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(Reuters) — PG&E Corp. will pay $1 billion as part of its bankruptcy reorganization to more than a dozen local governments in California struck by wildfires in recent years, the company and lawyers for the governments said on Tuesday.
Payments to the local governments will settle claims from lawsuits put on hold by PG&E’s bankruptcy and are separate from the thousands of individual claims stemming from wildfires that the company expects will be filed against it during the bankruptcy period.
PG&E will not be able to make settlement payments until it receives court approval for a Chapter 11 bankruptcy reorganization plan.
San Francisco-headquartered PG&E filed for Chapter 11 protection in January anticipating $30 billion in liabilities from wildfires in 2017 and 2018 blamed on its equipment.
The local governments said in a filing in March that their claims could top more than $2.5 billion for fire-related damage to roads, bridges, sidewalks, road signs and signals, public landscaping and water systems.
The governments include the city of Paradise, which was leveled by November’s Camp Fire in California deadliest and most destructive wildfire of modern times.
Paradise settled for $270 million, John Fiske, a lawyer for the governments from Baron & Budd, told Reuters.
A Paradise park district and Butte and Yuba Counties also settled claims stemming from the Camp Fire, for a combined $312 million.
The city of Santa Rosa and Sonoma and Napa counties, which were hard hit by blazes in 2017, are among the localities that settled.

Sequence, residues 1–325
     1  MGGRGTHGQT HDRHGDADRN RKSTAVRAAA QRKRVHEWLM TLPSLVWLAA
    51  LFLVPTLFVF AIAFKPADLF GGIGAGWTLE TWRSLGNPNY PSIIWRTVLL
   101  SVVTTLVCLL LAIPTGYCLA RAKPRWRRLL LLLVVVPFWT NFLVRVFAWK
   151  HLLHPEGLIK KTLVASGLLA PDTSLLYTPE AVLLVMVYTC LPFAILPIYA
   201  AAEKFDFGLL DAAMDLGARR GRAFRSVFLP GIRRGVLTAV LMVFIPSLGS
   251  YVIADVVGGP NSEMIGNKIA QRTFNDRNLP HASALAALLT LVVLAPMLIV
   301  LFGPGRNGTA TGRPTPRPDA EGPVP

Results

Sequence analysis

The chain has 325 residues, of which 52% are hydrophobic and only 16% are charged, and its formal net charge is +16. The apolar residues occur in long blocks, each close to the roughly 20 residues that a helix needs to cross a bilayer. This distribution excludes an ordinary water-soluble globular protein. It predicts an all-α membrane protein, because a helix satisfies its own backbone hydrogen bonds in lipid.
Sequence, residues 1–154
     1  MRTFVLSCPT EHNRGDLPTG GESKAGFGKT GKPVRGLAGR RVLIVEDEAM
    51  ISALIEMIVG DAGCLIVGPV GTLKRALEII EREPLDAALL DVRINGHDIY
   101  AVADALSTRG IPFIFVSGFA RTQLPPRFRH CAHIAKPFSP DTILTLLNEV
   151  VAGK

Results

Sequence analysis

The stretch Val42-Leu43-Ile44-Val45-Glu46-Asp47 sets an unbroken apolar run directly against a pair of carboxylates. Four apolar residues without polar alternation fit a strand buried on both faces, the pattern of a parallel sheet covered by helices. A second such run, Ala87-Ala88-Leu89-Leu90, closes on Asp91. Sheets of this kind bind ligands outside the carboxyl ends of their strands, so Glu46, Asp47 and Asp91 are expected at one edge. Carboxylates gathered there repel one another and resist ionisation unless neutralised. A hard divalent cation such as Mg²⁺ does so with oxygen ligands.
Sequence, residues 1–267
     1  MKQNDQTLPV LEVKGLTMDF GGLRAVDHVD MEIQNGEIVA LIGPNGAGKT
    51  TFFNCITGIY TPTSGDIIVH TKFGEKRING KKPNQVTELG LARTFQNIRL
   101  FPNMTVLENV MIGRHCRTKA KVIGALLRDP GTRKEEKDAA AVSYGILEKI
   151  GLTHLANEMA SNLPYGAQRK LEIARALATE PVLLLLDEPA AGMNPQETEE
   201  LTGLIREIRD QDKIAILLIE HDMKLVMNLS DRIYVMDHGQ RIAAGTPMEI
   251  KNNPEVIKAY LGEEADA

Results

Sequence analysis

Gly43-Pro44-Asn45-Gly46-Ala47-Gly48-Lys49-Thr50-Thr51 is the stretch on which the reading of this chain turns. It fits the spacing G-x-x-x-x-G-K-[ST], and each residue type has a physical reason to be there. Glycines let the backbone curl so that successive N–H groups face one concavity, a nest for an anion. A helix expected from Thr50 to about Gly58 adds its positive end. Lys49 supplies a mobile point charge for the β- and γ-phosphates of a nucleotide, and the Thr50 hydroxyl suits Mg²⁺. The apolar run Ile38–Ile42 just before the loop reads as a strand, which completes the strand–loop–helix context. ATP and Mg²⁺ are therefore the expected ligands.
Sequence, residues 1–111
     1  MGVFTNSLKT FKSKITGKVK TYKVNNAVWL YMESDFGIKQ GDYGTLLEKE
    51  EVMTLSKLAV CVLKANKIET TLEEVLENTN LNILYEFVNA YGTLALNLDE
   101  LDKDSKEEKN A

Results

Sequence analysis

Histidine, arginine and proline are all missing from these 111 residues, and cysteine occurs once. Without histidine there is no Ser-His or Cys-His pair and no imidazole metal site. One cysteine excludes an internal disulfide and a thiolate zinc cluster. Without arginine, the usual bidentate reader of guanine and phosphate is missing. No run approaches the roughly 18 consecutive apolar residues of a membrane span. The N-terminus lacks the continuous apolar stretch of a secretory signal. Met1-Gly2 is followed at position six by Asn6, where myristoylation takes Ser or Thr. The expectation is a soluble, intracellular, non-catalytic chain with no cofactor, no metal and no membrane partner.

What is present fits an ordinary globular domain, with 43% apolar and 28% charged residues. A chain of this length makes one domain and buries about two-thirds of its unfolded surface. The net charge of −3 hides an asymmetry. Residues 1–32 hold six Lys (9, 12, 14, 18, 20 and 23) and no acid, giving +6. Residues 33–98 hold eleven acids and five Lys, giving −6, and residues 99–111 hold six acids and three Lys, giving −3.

Other governments that settled 2017 fire claims include the cities of Sonoma and Napa as well as Lake, Mendocino, Nevada and Yuba counties and some special districts.
The governments that settled the 2017 fire claims will receive a total of $415 million. How the money will be allocated has not been decided yet, Mr. Fiske said.
A water district in Calaveras County settled claims arising from a 2015 fire. It will receive $3 million.
“This is an important first step toward an orderly, fair and expeditious resolution of wildfire claims and a demonstration of our willingness to work collaboratively with stakeholders to achieve mutually acceptable resolutions,” PG&E said in a statement provided to Reuters.
“We hope to continue making progress with other stakeholders,” PG&E added.
Excess liability insurers and reinsurers from the United States, London and Bermuda markets are among those named in a standard court motion to maintain insurance lodged by Pacific Gas & Electric Co. as part of its filing for bankruptcy protection Tuesday.